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11 Responses

  1. amigo on September 21, 2016, 3:05 pm

    Dakota , great article.One correction on John Kerry, I think you meant to write “Sect of State.”

  2. Kay24 on September 21, 2016, 3:26 pm

    There can never be peace for the Palestinians until they get their freedom from oppression, and from living under military occupation, and Israel will never have peace until they realize that they cannot keep the occupation going, stealing lands, and killing Palestinians. Last time they mowed the lawn Save the Children put out the names of the little children who were massacred by Israel (we handed them more ammunition to continue). Unfortunately nothing has changed since then. We should have refused to give them all that aid, that would
    hit them where it hurts.

    Imagine how the aggressor would have reacted had this been Israeli kids.

    • Boomer on September 21, 2016, 8:35 pm

      @ Kay24, Thanks for the link to Buzzfeed. Sad, but it should not be forgotten.

    • xanadou on September 22, 2016, 3:57 am

      Kay 24, perhaps now is a good time to replicate the Guardian’s “The Counted” database as a running compilation of the daily killings of Palestinians. The database, with images of the dead sacrificed by the zios to Molokh and Mamon, would serve as a deadly reminder that the Palestinian Final Solution is already here and proceeding at a brisk pace. Such a database would of necessity have to be compiled by the Palestinians in coöperation with e.g., B’tselem who might wish to assume the task of verification.

  3. Boomer on September 21, 2016, 8:39 pm

    re “It is the idea of the table, a supposedly equal playing field, that is the problem, and not that ‘there is no partner for peace’.”

    Time and time again, cynical American politicians have spouted this line, one way or another. I’m not an artist, but the cartoon I’ve often imagined would have the U.S. as a teacher watching the schoolyard bully with a club beat a much smaller unarmed kid. “They have to work it out between themselves,” the teacher says, while handing the bully a bigger club.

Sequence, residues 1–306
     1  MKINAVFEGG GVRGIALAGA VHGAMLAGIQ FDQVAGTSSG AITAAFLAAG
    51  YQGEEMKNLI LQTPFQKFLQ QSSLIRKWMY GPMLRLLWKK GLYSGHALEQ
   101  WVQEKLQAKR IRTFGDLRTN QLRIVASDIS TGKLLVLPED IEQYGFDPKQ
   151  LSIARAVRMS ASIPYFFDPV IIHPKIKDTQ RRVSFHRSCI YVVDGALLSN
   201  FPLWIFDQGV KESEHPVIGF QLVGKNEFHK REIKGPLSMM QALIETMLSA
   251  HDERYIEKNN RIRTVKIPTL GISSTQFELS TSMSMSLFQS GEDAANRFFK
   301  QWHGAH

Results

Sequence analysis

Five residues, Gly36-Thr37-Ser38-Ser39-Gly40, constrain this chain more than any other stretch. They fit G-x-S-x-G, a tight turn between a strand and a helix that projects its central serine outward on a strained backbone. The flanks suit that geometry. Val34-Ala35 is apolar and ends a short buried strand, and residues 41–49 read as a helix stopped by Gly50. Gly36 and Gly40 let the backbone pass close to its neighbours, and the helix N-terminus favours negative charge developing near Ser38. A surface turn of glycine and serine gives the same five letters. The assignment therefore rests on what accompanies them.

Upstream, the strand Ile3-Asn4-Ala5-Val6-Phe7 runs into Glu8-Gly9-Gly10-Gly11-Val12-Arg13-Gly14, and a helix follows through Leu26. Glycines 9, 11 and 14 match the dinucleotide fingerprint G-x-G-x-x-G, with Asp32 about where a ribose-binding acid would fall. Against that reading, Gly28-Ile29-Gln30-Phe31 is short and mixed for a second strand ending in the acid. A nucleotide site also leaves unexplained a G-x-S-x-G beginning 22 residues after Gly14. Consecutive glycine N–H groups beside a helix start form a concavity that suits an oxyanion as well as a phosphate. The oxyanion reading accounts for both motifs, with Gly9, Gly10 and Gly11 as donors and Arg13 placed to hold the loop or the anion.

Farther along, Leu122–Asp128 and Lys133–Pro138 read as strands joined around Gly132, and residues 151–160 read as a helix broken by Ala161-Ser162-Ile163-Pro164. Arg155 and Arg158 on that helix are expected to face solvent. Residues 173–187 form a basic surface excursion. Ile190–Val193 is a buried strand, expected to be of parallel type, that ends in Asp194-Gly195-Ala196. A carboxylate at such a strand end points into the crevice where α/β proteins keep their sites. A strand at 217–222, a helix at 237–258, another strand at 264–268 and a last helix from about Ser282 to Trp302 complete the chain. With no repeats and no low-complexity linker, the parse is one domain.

4. Ossinev on September 22, 2016, 12:39 pm

    “I’m not an artist, but the cartoon I’ve often imagined would have the U.S. as a teacher watching the schoolyard bully with a club beat a much smaller unarmed kid. “They have to work it out between themselves,” the teacher says, while handing the bully a bigger club”

    Great image. May I suggest an accompanying soundtrack with the bully whining “stop victimising , inciting and terrorising me ” ?

  5. gamal on September 22, 2016, 8:05 pm

    In the interests of peace let me make a brief reference to sects, these days one can think of little else,

    “with ISIL facing stiff resistance from the Syrian Army comprised of the heroic 104th Brigade of the Republican Guard, led by the iconic Druze Major General Issam Zahreddine and the 137th Artillery Brigade”

    from vineyard of the saker and Assad speaks

  6. talknic on September 23, 2016, 9:03 am

    Peace, a small small pause in a long long list of bloody wars ©

  7. Darcha on September 23, 2016, 3:26 pm

    I have no idea how many times I’ve seen this: posted as if it were Syria in honor of Peace Day in social media.

  8. Keith on September 23, 2016, 6:50 pm

    International peace day is a fraud. Feel good symbolism even as we ignore the reality of empire and the historical struggle for power. Unless nuclear weapons are eliminated soon, there won’t be a future. Will they be? Is the US committed to spending $1 trillion over 30 years to modernize the US arsenal? Will the planet survive anthropogenic environmental catastrophe in any event? Pointless ritual incantations.

  9. Amjad Faur on September 25, 2016, 2:15 am

    Dakota! I am so very proud of you. Only a few short months between you being my student to me stumbling across your article on one of my favorite websites. As always, absolutely wonderful work from you.